The U.S. Bureau of Labor Statistics said in February 2021 that one of its major assumptions looking ahead is that telecommuting will be offered on a more permanent basis. “According to an analysis, working from home is generally feasible in management, professional and administrative support jobs, including those in the information, financial activities, professional and business services, and public administration industries.”
How Does Workers’ Comp Apply to Work from Home Employees?
In a challenge to your claim, the questions would focus on whether your injury did in fact arise from your job duties or whether you were acting in your employer’s interests when the accident happened.
For people working from home, the lines between work life and personal life can get blurry. An employer might challenge a work-at-home injury. What happens if an employee trips over one of their child’s toys while on the clock and is injured in the fall?
“Courts have found that an employer’s lack of control over the conditions of an employee’s home-based work premises is irrelevant,” the pro-employer Society for Human Resource Management (SHRM) says. “When an employee’s home is also an employee’s work premises, it is often interpreted that the hazards an employee encounters when performing work at home are also hazards of his or her employment.”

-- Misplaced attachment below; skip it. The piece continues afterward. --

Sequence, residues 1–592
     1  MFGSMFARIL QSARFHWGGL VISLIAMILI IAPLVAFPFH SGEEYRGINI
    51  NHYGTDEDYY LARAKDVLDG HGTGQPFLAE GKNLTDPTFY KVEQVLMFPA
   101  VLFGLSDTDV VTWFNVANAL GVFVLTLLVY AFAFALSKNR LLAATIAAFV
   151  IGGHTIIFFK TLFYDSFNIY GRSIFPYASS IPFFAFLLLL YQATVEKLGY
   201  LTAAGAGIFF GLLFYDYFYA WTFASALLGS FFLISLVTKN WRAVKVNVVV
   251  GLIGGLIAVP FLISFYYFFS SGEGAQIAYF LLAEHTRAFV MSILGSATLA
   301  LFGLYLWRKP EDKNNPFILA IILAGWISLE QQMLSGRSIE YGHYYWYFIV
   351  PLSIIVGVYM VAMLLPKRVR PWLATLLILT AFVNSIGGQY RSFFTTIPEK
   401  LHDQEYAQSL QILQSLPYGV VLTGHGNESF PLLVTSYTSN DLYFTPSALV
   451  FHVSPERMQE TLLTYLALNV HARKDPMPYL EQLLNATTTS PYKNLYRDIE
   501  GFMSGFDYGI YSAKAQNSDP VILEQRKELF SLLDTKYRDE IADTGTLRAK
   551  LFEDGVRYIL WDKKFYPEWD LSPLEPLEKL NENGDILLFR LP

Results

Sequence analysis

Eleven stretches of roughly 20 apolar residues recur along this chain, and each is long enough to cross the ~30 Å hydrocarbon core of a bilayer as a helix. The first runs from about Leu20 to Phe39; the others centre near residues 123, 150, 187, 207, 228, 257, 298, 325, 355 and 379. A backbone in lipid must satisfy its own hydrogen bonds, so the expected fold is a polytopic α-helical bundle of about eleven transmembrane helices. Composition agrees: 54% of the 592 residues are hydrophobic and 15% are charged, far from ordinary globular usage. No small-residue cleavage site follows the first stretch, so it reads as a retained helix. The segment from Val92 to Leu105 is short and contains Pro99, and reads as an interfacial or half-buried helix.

In other words, courts see the employee’s home as an extension of the workplace if the employer has agreed to a work-at-home arrangement.
In another look at workers’ compensation obligations for employees working from home, SHRM says employers should set a telecommuting policy that outlines the employer’s expectations for employees who work from home, including:
- Expected work product
- Expected job location
- Job hours and how the employee clocks in and out
- Allowed break times
A work-from-home agreement would protect employees, as well, and is something to consider suggesting if you are working at home without applicable company policies.
SHRM says the employer’s first defense against a workers’ comp claim will center on whether the teleworker gave appropriate notice to a supervisor of the injury. We advise that you or someone acting on your behalf should report a workplace injury within a week of the accident, though legally you have up to 30 days.
SHRM also suggests that employers check with their workers’ compensation and general liability insurance carriers to ensure that all appropriate coverages apply to employees who work from home.
Contact a Kentucky Workers’ Compensation Attorney
You are covered by workers’ compensation insurance and Kentucky workers’ comp laws if you are an employee working from home in Kentucky. If you have been injured while on the job and are out of work because of the injury, you should inform yourself about the benefits available to you by speaking with a knowledgeable workers’ comp lawyer.
Report your injury to your employer and contact the Kentucky workers’ compensation lawyers of Morgan, Collins, Yeast & Salyer. We’ll show them what Kentucky Courage is as we fight for you. Contact us online or at (877) 809-5352 for a free initial consultation and dedicated representation.